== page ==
Laudable, Samurai Farai, Bujin and eND set the record straight

The product of friends chilling together, ‘For The Record’ is a statement by four artists about their disparate, lived realities that have shared experiences as people of colour. The Cape Town-based artists, Laudable, Samurai Farai, Būjin and eND, all met through mutual friends and approached the creation of the track not with the intention of producing a polished final product, but rather as an artistic release for themselves. Būjin explains that “[t]here was no intention to make a track, the intention was to meet up, chill, chat and write. [We were] just playing around and a track came out of it.”

With the behind the scenes documented by Elijah Ndoumbé (AKA eND) on 120mm film, the video for the track was shot in Cape Town by Thandi Gula-Ndebele and edited by Ndoumbé. Shot primarily on Table Mountain, the video sparks conversations about land ownership and access, while still feeling organic and spontaneous, much like the track itself

With a beat produced by Laudable, the goal was to create something that everyone could rap on. The slowed-down nature of the beat allowed for more melodic and harmonic elements to be incorporated by eND and Būjin and allowed for each artist to exist in their own space without competing with the other artist’s verses.

Touching on issues of land ownership, gender and masculinity, as well as familiar/generational trauma and wealth Būjin opens the track with a raw verse. “A statement that felt like a moment of catharsis.” Samurai Farai’s follow up verse is a reflection on making his art more accessible, taking it out of the white cube and into a rhythmic verse. Expanding on his journey and where he wants to go – it’s a reaffirmation of what it is he is doing. A conversational verse by eND draws inspiration from Jill Scott while sharing their day to day experience as a Trans person and the challenges they encounter. Closing off the track is Laudable, whose verse is an ode to the golden era of hip hop, the foundation that the OGs built and the fact that many of them are no longer with us.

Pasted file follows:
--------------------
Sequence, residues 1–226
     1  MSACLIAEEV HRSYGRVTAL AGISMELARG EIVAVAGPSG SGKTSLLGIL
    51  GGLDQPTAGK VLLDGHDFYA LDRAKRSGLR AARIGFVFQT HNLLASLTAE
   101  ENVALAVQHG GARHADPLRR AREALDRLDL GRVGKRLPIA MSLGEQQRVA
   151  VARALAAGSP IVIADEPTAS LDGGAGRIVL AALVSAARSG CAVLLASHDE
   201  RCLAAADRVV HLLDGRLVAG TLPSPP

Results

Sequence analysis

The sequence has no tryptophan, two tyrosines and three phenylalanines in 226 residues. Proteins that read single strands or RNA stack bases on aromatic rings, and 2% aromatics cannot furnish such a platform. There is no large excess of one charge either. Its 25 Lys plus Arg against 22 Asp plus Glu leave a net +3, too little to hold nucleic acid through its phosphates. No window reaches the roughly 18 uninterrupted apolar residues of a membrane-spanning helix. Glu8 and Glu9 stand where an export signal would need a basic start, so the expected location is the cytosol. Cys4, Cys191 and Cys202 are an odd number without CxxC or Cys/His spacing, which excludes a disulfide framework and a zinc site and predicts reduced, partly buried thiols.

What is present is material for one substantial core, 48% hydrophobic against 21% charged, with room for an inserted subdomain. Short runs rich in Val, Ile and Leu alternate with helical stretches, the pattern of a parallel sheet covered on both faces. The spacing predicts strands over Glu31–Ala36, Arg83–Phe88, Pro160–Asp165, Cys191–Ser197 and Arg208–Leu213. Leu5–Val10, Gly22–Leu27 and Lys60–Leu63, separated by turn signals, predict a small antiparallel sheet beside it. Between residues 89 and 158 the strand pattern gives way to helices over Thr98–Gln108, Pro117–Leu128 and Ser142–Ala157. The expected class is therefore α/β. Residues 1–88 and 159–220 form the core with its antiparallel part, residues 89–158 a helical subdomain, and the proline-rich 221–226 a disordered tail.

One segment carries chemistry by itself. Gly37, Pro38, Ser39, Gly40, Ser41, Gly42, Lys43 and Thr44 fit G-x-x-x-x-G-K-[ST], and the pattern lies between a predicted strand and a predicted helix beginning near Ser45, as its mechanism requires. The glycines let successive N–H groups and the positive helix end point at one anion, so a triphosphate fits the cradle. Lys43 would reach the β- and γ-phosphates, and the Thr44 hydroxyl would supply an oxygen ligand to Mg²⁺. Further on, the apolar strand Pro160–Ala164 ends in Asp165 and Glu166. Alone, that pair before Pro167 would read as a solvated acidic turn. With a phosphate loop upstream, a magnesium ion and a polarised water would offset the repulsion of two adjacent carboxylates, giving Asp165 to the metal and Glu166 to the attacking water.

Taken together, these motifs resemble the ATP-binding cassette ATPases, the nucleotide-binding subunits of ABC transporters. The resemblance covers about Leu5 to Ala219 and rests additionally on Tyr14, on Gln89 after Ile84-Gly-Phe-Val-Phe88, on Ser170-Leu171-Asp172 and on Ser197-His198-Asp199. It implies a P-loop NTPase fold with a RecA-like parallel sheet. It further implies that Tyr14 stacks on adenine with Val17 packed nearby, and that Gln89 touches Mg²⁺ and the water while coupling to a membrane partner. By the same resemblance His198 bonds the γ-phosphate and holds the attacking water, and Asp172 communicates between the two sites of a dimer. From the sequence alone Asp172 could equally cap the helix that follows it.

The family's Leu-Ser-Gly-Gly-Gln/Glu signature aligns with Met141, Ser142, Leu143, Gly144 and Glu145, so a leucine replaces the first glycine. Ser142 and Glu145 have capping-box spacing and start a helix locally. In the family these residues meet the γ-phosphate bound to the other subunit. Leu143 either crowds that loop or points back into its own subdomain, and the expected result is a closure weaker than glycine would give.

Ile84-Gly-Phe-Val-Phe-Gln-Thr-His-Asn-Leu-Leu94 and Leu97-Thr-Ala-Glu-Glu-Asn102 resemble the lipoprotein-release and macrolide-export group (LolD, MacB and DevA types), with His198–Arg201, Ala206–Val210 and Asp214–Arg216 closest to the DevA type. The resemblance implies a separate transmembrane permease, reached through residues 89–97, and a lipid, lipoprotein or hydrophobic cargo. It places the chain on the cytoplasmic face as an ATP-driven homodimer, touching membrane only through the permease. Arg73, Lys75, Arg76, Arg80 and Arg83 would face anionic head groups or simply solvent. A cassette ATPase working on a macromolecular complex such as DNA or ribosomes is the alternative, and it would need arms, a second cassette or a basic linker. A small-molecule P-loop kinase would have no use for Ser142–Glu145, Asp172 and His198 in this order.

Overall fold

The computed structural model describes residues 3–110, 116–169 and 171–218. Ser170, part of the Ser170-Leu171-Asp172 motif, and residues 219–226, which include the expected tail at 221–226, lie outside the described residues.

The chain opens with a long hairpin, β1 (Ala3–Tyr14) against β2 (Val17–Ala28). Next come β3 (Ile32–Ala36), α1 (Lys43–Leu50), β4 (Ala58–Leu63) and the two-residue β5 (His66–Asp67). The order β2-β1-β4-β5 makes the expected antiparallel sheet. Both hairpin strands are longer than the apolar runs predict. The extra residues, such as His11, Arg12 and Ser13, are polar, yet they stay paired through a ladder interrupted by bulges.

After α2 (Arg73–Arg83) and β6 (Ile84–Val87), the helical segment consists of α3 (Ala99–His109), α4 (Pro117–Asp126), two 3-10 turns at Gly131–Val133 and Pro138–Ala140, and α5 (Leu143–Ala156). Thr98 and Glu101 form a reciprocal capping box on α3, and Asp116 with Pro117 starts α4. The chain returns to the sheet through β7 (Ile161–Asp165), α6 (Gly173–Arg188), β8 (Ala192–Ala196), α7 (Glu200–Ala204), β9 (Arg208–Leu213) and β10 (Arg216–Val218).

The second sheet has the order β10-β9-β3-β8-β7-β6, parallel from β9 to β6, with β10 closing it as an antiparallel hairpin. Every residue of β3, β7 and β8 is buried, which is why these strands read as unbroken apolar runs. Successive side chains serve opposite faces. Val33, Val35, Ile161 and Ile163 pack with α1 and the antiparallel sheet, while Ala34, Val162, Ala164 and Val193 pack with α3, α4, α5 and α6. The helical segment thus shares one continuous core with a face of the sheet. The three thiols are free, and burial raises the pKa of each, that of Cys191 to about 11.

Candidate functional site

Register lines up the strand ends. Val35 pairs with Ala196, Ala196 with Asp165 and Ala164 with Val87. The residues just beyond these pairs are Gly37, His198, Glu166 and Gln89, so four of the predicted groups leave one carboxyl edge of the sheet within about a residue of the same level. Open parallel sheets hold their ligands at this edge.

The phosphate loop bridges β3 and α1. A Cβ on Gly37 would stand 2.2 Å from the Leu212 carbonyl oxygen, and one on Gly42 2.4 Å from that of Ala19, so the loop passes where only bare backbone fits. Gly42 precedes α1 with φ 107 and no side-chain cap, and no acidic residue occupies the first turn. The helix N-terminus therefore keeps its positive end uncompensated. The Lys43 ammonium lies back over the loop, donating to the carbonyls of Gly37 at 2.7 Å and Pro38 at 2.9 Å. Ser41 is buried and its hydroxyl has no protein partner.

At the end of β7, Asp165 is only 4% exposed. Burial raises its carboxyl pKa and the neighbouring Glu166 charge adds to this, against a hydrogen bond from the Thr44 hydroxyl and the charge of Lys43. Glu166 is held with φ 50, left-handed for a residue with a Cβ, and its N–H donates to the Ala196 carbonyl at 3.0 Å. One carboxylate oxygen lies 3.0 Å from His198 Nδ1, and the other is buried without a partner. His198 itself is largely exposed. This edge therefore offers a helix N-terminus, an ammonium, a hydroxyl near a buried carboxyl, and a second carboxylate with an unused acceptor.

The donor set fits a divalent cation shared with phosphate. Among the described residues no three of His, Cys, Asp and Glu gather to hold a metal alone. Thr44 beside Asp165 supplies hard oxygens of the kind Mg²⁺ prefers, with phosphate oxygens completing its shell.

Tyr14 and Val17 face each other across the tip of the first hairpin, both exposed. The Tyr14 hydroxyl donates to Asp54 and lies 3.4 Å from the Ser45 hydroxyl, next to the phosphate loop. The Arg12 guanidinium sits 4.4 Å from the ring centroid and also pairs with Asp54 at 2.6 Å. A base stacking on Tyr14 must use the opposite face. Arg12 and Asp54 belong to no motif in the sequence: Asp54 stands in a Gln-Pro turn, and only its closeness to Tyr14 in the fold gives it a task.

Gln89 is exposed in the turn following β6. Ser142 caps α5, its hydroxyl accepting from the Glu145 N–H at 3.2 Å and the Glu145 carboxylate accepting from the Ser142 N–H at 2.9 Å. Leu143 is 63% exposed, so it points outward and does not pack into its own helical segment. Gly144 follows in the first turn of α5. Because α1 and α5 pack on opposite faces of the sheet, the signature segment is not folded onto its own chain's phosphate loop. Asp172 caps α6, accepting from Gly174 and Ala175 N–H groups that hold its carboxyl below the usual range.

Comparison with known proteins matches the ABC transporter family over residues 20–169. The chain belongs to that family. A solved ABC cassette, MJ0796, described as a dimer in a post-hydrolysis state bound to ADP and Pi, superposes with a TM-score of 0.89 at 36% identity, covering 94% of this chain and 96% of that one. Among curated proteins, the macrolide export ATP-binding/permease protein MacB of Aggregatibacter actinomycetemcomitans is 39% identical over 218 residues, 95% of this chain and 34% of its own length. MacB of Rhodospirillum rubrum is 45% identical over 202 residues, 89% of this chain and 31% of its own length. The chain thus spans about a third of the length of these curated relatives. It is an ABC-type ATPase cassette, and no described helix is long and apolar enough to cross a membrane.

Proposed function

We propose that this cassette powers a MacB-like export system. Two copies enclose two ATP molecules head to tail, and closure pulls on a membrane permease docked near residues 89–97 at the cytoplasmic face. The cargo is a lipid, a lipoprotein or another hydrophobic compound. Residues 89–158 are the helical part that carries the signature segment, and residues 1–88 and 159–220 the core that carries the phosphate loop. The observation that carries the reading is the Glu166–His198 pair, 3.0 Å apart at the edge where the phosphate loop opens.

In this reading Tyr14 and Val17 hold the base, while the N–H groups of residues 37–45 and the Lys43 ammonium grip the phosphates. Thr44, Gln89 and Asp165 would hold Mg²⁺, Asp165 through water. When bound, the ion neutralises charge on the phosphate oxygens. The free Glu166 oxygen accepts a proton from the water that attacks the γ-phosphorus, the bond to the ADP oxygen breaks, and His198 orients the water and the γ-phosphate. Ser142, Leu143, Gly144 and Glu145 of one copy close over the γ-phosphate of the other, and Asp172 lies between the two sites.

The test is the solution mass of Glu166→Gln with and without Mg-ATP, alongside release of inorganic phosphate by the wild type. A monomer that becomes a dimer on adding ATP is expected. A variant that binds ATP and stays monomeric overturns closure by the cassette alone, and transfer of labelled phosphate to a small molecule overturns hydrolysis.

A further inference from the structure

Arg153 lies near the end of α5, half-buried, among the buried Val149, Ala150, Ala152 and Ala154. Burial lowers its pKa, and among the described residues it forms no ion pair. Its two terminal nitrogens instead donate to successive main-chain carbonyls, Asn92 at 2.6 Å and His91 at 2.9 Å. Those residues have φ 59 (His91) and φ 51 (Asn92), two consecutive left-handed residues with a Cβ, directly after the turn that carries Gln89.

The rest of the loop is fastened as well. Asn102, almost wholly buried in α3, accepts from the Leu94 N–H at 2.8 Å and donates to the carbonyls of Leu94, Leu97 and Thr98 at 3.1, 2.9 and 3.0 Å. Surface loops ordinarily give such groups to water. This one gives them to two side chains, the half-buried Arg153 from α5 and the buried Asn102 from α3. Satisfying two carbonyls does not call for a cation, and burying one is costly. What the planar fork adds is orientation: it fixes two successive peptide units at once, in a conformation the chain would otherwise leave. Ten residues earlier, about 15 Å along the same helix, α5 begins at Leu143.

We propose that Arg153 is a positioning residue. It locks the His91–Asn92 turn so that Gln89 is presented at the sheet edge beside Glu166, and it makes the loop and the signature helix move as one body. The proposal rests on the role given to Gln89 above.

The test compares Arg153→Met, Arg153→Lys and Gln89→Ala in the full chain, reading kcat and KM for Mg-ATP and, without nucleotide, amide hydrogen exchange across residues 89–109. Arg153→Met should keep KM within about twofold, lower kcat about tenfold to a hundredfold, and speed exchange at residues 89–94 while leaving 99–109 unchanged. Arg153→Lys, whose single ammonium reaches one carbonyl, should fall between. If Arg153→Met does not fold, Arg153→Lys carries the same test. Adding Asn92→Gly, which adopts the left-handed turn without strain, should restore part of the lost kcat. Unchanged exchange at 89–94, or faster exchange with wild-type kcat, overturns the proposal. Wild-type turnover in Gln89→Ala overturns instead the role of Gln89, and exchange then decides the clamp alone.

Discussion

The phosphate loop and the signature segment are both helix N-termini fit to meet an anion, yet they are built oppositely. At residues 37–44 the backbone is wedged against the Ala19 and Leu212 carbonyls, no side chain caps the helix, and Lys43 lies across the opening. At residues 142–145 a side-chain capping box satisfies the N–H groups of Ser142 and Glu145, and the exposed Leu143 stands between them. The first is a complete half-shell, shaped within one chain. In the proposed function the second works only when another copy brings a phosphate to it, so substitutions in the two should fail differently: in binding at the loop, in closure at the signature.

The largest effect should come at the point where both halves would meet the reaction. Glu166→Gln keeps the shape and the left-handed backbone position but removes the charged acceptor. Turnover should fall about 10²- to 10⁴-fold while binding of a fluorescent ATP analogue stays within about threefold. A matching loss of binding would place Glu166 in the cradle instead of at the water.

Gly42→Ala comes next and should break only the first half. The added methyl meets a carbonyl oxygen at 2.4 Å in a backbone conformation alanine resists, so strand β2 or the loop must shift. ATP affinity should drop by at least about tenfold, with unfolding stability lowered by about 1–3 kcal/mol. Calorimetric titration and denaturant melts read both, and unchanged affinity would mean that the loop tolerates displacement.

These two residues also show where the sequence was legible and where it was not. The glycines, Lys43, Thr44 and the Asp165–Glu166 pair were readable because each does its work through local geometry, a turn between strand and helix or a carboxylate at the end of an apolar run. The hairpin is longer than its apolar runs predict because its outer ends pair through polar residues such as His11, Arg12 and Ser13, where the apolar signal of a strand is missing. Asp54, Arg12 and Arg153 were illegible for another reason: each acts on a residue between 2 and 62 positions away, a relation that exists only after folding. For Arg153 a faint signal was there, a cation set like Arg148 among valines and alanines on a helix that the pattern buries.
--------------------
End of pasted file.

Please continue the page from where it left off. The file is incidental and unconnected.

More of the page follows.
As a group of friends, all four will continue to collaborate even if it doesn’t result in a final, polished product, something that is very important to them: collaboration for the sake of connecting and releasing, and they hope that others pick up on this too. The track shows how people from different backgrounds and areas can get together and create something that is greater than the individual, and that can spark conversations around experiences which for too long have been ignored. In the end, Samurai Farai hopes that listeners become confident in the way they were raised and the cultural symbolism that exists within a person of colour’s home.

Būjin – BTS For the Record © 120mm by Elijah Ndoumbé

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